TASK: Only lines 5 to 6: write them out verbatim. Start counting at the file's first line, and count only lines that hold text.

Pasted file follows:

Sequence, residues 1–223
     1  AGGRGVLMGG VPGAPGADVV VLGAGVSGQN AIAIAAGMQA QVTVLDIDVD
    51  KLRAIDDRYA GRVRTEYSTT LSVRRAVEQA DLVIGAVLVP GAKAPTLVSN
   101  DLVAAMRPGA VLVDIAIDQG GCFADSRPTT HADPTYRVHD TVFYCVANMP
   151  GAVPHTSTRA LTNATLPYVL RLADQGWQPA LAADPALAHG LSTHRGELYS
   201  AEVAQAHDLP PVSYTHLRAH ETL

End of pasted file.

   151  GAVPHTSTRA LTNATLPYVL RLADQGWQPA LAADPALAHG LSTHRGELYS
   201  AEVAQAHDLP PVSYTHLRAH ETL